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Pfizer pays $250m upfront to Akcea for phase 2 antisense drug

Has potential in cardiovascular and metabolic diseases


Pfizer has bolted on an antisense drug with potential in cardiovascular and metabolic diseases to its pipeline via a licensing deal with Ionis’ Akcea affiliate.

The big pharma – which has traditionally relied on acquisitions and licensing deals to keep its pipeline stocked – is paying $250m upfront for rights to AKCEA-ANGPTL3-LRx, an antisense oligonucleotide designed to inhibit the production of angiopoietin-like 3 (ANGPTL3) protein in the liver.

AKCEA-ANGPTL3-LRx is already in a phase 2a study involving patients with type 2 diabetes, elevated blood triglycerides and non-alcoholic fatty liver disease (NAFLD), which Pfizer said are all indications with “unmet medical need” and “broad market potential”.

Pfizer’s $250m fee will be split between Akcea and Ionis, and the two companies will also share milestone payments of up to $1.3bn, plus double-digit royalties on sales if the antisense drug reaches the market.

Responsibility for developing AKCEA-ANGPTL3-LRx goes to Pfizer from phase 2 onwards and it has global rights to the drug, although Akcea has some opt-in commercial rights in the US and certain other unidentified markets.

It’s the second sizeable deal for Akcea this year after Novartis paid $150m upfront for rights to its lipoprotein(a) antisense drug AKCEA-APO(a)-LRx in February, with another $1.6bn in milestones on offer. The Swiss pharma group took an option on two of Akcea’s lipoprotein-targeting drug candidates in 2017.

Both deals reflect something of a resurgence in cardiovascular drug development, fuelled by newly-emerged targets, after many years of stagnation which resulted in the market becoming dominated by older generic drugs.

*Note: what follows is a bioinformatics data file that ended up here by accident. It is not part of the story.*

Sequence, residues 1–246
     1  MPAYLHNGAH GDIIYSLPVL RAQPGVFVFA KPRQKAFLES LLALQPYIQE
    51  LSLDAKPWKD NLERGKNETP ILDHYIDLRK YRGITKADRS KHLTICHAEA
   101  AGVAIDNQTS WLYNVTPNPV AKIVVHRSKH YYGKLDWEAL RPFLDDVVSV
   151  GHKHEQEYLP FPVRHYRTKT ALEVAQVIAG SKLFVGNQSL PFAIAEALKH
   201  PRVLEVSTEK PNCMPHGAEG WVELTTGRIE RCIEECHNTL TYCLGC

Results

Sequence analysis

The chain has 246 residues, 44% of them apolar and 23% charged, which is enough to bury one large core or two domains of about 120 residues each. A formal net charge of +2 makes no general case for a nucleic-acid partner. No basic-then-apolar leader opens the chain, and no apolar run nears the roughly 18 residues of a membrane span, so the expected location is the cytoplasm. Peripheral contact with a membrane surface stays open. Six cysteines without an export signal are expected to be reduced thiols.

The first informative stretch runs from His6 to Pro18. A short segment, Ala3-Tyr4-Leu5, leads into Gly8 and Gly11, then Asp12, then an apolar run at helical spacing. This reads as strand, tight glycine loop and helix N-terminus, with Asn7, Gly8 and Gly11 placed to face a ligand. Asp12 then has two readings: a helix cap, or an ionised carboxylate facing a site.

New therapies like Novartis’ heart failure therapy Entresto (sacubitril/valsartan) and cholesterol-lowering PCSK9 inhibitors from Amgen and Sanofi/Regeneron have re-injected growth into the market, although they have faced payer resistance.

ANGPTL3 is a protein that regulates triglyceride and phospholipid levels in the blood, both of which are a risk factor for atherosclerotic coronary heart disease when elevated, and also affects glucose and energy metabolism.

“AKCEA-ANGPTL3-LRx is a novel therapy that will complement our clinical mid-stage internal medicine pipeline,” said Mikael Dolsten, chief scientific officer and president of worldwide R&D at Pfizer.

He added: “we believe that our deep expertise in cardiovascular and metabolic diseases will help allow this program to reach its maximum potential for patients.”

Founded in 2015, Akcea spun out of Ionis two years later armed with four drug candidates for treating diseases caused by lipid disorders.

It’s had some disruption of late with the departure of three top executives including chief executive Paula Soteropoulos, which came as a big surprise given the company is in the roll-out stage for two new products, Tegsedi (inotersen) for hereditary transthyretin-mediated amyloidosis and Waylivra (volanesorsen) for familial chylomicronemia syndrome (FCS).

Article by
Phil Taylor

8th October 2019

From: Sales



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